The Millennial Vote is being treated like a Magical Unicorn in the 2016 election. It is seen as something valuable and mysterious. As Dan Schwabel, at Quartz, in a piece modestly entitled The complete guide to winning the millennial vote this election recently noted:
As we head into November’s US elections, all candidates are vying for the millennial vote—and for good reason. Millennials are … a critical bloc for any campaign. 69.2 million are now eligible to vote, which is more than double compared to the past decade. When added together with Gen-X voters, 2016 represents the first time young people have displaced the Baby Boomer vote. At the same time, millennials are historically less likely to vote than their older peers, with only around half having voted in the last presidential election. Knowing this, there’s no question that all political parties will be pushing hard to get them to the voting booths this fall.
I, too, covet the kids’ allegiance. Yet I – an aging Boomer – confess to finding the Millennials mystifying. I am the father and co-owner of three of them (plus one Gen Xer). I know more than a few others. They’re Everywhere, and deeply enigmatic.
Yet I have a theory that could provide the key to resolving their riddle, wrapped in a mystery, inside an enigma. They have not yet found, but absolutely must conceive and declare, their own Narrative.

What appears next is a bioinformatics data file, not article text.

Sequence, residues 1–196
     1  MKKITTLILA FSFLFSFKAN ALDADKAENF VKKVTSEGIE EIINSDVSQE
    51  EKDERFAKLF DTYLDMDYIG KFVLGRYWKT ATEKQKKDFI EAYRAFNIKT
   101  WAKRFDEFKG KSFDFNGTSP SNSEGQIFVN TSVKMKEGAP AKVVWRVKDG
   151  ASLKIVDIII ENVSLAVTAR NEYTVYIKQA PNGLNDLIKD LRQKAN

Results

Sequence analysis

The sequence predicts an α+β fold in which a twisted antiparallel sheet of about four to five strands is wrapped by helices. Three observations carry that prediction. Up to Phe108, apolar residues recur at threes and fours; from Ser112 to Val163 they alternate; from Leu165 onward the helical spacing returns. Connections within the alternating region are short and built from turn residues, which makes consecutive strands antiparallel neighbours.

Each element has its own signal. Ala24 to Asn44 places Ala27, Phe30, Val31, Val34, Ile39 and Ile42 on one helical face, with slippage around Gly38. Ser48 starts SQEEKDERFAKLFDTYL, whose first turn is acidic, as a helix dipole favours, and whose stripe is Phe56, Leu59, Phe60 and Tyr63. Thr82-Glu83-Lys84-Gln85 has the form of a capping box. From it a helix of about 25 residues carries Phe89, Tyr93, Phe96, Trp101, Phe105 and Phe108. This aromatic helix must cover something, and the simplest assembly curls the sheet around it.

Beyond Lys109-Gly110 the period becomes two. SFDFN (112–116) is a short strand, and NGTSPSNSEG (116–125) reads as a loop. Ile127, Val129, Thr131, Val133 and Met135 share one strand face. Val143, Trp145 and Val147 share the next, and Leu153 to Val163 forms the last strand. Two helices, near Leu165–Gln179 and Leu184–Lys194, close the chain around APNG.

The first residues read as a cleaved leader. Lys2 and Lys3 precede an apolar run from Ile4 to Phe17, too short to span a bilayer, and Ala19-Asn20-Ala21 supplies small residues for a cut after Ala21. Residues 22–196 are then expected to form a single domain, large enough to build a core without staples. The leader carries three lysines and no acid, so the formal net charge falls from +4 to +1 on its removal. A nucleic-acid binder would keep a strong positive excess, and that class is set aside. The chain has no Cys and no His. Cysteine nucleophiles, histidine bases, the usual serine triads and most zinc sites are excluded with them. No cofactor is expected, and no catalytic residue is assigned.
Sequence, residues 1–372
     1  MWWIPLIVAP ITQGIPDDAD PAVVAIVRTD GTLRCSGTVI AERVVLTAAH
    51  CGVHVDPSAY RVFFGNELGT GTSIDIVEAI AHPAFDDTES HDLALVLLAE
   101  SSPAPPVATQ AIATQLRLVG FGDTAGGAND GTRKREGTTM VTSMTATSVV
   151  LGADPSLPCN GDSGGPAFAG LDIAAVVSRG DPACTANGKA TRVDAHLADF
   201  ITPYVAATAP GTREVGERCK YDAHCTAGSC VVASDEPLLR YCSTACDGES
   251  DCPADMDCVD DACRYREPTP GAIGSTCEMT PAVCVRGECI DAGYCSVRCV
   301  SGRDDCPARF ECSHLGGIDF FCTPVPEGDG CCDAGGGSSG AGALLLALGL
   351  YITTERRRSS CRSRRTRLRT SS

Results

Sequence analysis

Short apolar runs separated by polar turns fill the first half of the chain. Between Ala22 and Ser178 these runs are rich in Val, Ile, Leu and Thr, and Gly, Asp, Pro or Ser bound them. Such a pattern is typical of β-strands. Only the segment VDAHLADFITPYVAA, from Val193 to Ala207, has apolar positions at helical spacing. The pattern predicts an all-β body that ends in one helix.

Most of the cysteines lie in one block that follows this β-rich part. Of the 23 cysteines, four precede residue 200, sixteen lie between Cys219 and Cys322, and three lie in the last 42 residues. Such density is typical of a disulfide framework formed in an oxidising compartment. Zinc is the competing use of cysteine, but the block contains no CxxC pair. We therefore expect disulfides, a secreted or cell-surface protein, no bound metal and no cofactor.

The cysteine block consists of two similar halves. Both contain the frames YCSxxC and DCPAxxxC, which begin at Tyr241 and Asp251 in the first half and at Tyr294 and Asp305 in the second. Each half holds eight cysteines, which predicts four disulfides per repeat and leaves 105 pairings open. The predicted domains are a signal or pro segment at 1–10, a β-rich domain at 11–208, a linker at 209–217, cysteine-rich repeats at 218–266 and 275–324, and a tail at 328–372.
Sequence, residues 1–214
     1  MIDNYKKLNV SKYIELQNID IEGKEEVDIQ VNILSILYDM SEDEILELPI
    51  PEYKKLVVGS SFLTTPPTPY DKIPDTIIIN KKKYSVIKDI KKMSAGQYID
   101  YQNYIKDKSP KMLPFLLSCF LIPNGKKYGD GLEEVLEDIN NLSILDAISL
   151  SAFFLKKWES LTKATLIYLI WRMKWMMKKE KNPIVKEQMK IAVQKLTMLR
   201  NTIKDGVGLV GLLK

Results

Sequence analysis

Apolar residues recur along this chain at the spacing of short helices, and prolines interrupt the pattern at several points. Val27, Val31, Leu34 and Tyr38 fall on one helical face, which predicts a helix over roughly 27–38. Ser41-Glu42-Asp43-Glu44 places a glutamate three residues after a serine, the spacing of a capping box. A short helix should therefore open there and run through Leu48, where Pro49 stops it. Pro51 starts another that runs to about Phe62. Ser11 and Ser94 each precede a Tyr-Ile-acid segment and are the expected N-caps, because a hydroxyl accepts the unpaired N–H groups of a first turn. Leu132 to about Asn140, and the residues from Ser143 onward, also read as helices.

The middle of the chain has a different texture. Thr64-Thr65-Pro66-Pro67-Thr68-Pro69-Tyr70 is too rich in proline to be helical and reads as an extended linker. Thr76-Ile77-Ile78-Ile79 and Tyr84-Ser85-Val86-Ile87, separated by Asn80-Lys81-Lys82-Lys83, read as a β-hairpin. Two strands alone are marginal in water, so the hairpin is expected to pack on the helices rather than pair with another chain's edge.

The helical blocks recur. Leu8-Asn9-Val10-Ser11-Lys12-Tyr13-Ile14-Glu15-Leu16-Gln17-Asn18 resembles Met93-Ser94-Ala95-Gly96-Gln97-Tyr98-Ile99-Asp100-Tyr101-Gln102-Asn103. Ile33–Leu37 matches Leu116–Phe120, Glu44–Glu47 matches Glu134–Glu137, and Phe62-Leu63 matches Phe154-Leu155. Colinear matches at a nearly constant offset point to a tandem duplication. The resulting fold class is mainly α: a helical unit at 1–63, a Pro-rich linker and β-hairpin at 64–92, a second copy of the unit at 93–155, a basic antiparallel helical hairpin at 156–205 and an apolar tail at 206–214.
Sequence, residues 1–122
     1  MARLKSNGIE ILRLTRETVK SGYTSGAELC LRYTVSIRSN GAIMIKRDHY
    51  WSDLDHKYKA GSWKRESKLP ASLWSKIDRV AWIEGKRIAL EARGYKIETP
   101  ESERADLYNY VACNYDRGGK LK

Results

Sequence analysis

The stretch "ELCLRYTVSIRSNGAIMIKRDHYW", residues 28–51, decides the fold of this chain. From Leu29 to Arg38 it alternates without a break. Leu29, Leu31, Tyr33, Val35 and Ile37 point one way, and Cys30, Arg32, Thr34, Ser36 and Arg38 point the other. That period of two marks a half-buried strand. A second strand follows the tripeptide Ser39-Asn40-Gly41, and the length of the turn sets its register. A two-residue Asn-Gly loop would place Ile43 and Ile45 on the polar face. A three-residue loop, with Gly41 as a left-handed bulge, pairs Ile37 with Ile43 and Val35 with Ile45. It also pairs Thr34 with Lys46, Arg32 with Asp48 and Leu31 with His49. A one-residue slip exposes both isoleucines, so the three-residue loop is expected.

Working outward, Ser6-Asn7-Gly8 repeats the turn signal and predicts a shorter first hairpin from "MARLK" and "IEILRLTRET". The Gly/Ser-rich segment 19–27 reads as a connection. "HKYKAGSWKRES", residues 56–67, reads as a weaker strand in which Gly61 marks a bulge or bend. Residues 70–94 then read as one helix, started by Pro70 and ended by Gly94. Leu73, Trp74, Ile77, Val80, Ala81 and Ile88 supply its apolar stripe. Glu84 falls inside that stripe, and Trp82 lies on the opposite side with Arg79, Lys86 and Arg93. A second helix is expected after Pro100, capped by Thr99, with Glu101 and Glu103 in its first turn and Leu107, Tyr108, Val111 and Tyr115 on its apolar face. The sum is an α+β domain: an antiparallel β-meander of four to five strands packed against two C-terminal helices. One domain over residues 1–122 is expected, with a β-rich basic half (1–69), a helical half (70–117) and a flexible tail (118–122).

Let the candidates take note. Making this strong demand of them would be an act of tough love. It could pay huge dividends.
A quick glance at the new generation gap. Betraying just how old a fogey I am, let me recount a bit of conversation from a few years ago with a lovely Young Fogey Millennial, discussing a column of mine in the long lost ParcBench.com. It was about out how the Beatles, the Who, and the Rolling Stones (through, respectively, Revolution, Won’t Get Fooled Again, and Sympathy for the Devil) stopped an impending communist takeover of America and the West. Let’s add Buffalo Springfield’s For What It’s Worth.
The Young Fogey’s response stopped me cold: “That’s really interesting. I’ve heard of the Beatles.” So who am I to judge? And yet….
Ralph Benko, internationally published weekly columnist, co-author of The 21st Century Gold Standard, lead co-editor of the Gerald Malsbary translation from Latin to English of Copernicus’s Essay on Money, is American Principles Project’s Senior Advisor, Economics.